Niagara Gazette

November 13, 2012

County refuse director remains under investigation

By Joyce M. Miles
Niagara Gazette

Niagara Gazette — Niagara County Manager Jeffrey Glatz remained tight-lipped Tuesday about what's driving an investigation of the county refuse disposal district director.

Richard Pope of Lockport, the district director for 19 years, was put on paid administrative leave at the beginning of this month while "allegations (regarding) operation of the refuse district" are investigated, Glatz said after a closed-door meeting of the district administrative board Tuesday evening. The executive session concerned an unspecified "personnel" matter, according to board chairman and county Legislator John Syracuse, R-Newfane.

Glatz declined to articulate the specific allegation against Pope, or say who made it. He did say the complaint is being examined by himself and the county atttorney's office, not local law enforcement.

Various Republican affiliates have reported that a fellow county employee supposedly accused Pope of keeping two sets of books for the district. Glatz refused to confirm or deny that's the accusation.

Pope could not be reached to comment on the matter late Tuesday.

Glatz said the county received a signed complaint about Pope before the Oct. 22 meeting of the refuse board, when Glatz and Pope clashed openly on the possible early closing of the county-run construction/demolition landfill off the Lockport Bypass.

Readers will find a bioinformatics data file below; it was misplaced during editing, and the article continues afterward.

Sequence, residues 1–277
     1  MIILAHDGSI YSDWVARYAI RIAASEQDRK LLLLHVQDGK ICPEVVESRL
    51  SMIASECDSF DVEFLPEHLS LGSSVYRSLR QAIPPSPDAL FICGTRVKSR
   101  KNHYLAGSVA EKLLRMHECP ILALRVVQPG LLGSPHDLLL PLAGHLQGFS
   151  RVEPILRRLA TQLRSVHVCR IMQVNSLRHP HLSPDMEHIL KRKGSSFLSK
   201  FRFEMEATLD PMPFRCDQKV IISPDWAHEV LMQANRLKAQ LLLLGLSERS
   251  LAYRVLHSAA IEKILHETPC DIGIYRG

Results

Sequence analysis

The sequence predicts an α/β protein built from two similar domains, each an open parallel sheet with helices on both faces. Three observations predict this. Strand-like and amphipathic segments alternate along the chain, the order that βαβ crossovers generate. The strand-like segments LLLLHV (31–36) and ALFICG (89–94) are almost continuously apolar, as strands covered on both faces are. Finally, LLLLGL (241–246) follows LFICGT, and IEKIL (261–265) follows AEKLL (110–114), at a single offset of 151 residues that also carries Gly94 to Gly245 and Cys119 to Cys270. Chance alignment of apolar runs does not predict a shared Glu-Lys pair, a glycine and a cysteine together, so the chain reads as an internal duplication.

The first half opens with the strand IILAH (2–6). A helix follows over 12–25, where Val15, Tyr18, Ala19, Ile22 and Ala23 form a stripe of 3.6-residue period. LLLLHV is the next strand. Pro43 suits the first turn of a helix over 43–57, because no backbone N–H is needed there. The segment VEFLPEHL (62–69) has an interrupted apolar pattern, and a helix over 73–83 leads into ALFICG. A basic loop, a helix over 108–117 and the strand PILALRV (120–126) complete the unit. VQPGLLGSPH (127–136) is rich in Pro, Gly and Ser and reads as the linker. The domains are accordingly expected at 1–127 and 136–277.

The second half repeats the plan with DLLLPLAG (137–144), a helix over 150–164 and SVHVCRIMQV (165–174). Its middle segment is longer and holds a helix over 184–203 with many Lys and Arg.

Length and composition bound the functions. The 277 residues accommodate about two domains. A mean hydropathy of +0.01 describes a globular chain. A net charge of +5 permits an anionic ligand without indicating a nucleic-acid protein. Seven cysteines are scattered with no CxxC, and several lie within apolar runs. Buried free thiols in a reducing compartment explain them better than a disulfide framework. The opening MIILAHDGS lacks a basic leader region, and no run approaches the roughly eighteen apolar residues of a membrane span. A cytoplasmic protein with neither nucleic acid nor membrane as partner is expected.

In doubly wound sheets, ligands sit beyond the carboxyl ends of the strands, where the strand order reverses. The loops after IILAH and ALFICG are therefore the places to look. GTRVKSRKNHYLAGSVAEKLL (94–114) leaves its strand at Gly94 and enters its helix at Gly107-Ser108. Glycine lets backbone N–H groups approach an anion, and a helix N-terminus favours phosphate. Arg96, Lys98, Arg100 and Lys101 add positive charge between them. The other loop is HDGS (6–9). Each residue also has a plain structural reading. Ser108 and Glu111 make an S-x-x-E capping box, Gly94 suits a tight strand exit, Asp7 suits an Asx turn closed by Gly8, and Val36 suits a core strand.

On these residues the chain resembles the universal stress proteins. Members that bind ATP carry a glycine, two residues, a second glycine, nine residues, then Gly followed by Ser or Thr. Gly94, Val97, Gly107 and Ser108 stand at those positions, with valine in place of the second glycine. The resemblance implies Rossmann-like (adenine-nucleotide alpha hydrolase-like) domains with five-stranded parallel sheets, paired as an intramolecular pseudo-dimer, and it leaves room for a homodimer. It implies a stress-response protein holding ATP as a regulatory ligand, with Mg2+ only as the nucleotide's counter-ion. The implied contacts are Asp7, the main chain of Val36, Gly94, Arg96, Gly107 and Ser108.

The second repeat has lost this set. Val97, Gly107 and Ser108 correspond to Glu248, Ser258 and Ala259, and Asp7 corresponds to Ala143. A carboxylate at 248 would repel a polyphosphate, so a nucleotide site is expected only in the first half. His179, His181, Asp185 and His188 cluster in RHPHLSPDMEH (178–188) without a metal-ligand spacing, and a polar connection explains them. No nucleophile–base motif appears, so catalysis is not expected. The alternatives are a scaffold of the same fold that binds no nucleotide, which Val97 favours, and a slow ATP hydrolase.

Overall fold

Glatz had brought in an engineering consultant to estimate the time and expenses associated with closing the still-active landfill, and he and Pope argued about whether the landfill — which a prior report indicated has up to five years of "life" left in it — is making or costing the county money. Pope insisted the landfill raises over $200,000 in annual revenue after operating expenses, and that profit is helping hold down the county refuse tax rate.

After that meeting, some Democrats suggested Glatz is pushing for an early landfill closing to benefit Modern Corporation, which also operates a C&D landfill. Follow the money — meaning Modern's campaign donations to Republican office-seekers — they said.

Glatz asserted the investigation of Pope "has nothing to do with budget issues ... or disagreements that Rick and I had," and he flatly denied the county would pull the plug on a money-maker to aid Modern.

"It's a complete fabrication and lie," he said.

Glatz said again that he sought an engineer's estimate on C&D landfill closing costs partly to have the information well ahead of it being filled to legal capacity. Once it's full, the engineering consultant said last month, capping it will cost over $1 million. Afterward, the county will be on the hook for costs of monitoring it for 30 years, per state law.

The refuse district levies a tax to pay the expenses of monitoring three other closed landfills in the county; Pope said last month that the monitoring cost is about $300,000 a year per landfill — and that profits from operating the C&D landfill are helping absorb some of that expense.

Glatz said he's still recommending early closure of the C&D landfill, but a final decision will rest with the refuse district board, not him.

The board is composed entirely of county legislators: Syracuse; Peter Smolinski, R-North Tonawanda; Clyde Burmaster, R-Ransomville; Michael Hill, R-Hartland; Keith McNall, R-Lockport; Tony Nemi, I-Lockport; Bill Ross, C-Wheatfield; Rick Updegrove, R-Lockport; Paul Wojtaszek, R-North Tonawanda; Owen Steed, D-Niagara Falls; and Jason Zona, D-Niagara Falls.